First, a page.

National Health Insurance: “Facts and Friction” not

(Dr. Marcus Bethel MD, former Minister of Health, 2002-2006, has released a statement on an item of great national interest, National Health Insurance. We publish the communication as follows, in its entirety):

“National Health Insurance (NHI) is defined as health insurance coverage for the population of a country so that access to affordable quality health care is assured for all, regardless of social or economic status and pre-existing health conditions.

NHI package is custom designed for each country, depending on affordability and sustainability, “one size does not fit all”

In The Bahamas, formal consideration of NHI was initiated in 1983 when a Blue Ribbon Commission was appointed to research same.

The report was completed in 1987 and concluded that the cost was prohibitive for implementation of a comprehensive scheme.

During the 1990s the Government of the Bahamas (GOB) promoted the introduction of a “Catastrophic Health Plan” which did not materialize.

In August 2002, the GOB appointed a second Blue Ribbon Commission to formulate a “Comprehensive National Health Insurance Plan.”

The conclusion of this Commission was that a comprehensive health care program was too costly and recommended a phased development program with the initial introduction of “Comprehensive Primary Care” which was introduced nationally in April 2017 and has 40,000 registrants to date.

 This primary care program has subsequently been revamped by the current GOB to include expanded primary care services and selected catastrophic care coverage.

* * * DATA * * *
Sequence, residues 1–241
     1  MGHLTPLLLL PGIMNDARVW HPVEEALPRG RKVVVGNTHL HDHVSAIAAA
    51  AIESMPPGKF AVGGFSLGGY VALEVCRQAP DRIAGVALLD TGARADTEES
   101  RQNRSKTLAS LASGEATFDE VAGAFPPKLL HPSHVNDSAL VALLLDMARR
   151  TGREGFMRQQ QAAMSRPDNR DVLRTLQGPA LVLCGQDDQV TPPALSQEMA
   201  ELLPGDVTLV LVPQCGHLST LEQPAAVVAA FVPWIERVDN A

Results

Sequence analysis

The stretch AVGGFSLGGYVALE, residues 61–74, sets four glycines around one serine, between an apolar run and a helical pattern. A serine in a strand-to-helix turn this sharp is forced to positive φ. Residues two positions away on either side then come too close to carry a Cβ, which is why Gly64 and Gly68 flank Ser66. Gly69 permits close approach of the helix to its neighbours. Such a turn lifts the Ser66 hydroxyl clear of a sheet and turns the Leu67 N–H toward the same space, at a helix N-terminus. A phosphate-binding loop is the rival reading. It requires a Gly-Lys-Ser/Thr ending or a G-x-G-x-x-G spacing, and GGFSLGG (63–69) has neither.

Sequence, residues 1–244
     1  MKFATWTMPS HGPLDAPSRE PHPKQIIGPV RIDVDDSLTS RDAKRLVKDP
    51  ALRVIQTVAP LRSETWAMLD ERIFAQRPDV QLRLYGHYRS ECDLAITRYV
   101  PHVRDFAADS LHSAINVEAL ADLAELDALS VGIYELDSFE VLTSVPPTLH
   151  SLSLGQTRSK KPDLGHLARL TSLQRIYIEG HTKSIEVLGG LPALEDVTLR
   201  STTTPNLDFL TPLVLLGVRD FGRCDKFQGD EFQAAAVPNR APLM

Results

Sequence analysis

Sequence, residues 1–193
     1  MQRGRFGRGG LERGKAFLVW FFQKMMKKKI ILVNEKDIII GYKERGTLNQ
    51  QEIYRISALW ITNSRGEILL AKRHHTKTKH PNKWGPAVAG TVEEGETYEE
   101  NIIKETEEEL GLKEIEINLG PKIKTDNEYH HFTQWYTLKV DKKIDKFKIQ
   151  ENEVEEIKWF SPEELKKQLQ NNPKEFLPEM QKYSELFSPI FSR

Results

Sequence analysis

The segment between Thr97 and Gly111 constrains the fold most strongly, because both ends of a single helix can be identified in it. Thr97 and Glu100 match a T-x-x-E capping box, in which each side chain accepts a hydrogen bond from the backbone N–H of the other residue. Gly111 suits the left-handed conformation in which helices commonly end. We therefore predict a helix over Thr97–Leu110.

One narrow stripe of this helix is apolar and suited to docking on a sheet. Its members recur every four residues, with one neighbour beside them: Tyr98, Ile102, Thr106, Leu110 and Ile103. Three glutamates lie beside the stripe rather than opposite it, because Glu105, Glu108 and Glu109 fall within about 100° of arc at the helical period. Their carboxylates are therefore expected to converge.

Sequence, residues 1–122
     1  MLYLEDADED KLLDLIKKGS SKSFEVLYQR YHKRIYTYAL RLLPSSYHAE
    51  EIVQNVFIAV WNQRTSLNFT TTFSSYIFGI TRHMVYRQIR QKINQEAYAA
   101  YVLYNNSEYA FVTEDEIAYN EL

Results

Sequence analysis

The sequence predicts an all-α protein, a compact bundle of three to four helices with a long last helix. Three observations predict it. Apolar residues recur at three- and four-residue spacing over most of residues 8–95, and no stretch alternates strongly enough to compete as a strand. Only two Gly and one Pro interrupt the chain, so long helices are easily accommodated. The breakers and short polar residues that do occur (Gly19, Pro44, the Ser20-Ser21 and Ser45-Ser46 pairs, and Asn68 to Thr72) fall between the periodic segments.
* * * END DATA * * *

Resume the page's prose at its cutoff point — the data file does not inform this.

This new package has a projected 2 percent payroll attached and is referred to as the “Employee Mandate”

The selected catastrophic care coverage is confined to Cancers, Cardiovascular Diseases and Chronic Renal Diseases.

I do not think that this revised package has been subjected to adequate  and transparent cost analysis.

The current functioning primary care package has not been adequately cost analysed because there has been insufficient time and experience with only one tenth (1/10) of the population enrolled.

Adequate Funding of

NHI is fundamental

to its sustainability.

Detailed cost analyses including actuarial studies are absolutely necessary before expanding and implementing any new benefits to a basic NHI program.

There exists urgent needs to upgrade hospitals and clinics both physically and operationally, resolving physician and nursing concerns, staffing of family island health care facilities, addressing concerns of the general population, Insurance companies and Businesses.

Public health facilities, particularly hospitals, would be required to bear the burden of managing catastrophic care clients and must be able to perform the functions mandated.

These are fundamental steps required to gain the necessary buy-in by stakeholders without which sustainability is compromised.

The economic impact of a 2 percent payroll tax would be an unacceptable burden in our developing country which is struggling with a depressed economy and high unemployment and could potentially push the country into a recession.


1. This revised package of benefits being promoted ought to be delayed and phased in when economically sustainable.

2. The basic primary care package should be given the opportunity to fully develop with maximum enrolment to provide a track record for appropriate cost analysis before consideration of expanded benefits.

3.  GOB should use available funds to upgrade all public health facilities to acceptable standards to sustain benefits, resolve outstanding issues with physicians and nurses and other health care professionals.

4. Public Health Authority (PHA) must develop appropriate billing and accounts management at health care facilities to improve cash flow and reduce deficits.

5. GOB must eliminate free service at public facilities for public officers/servants who possess adequate health insurance.

6. GOB must bring greater transparency to the costing of “employee mandate” contained in new package before implementation.

Conclusion: “GOB must not bite off more than the public can chew.”

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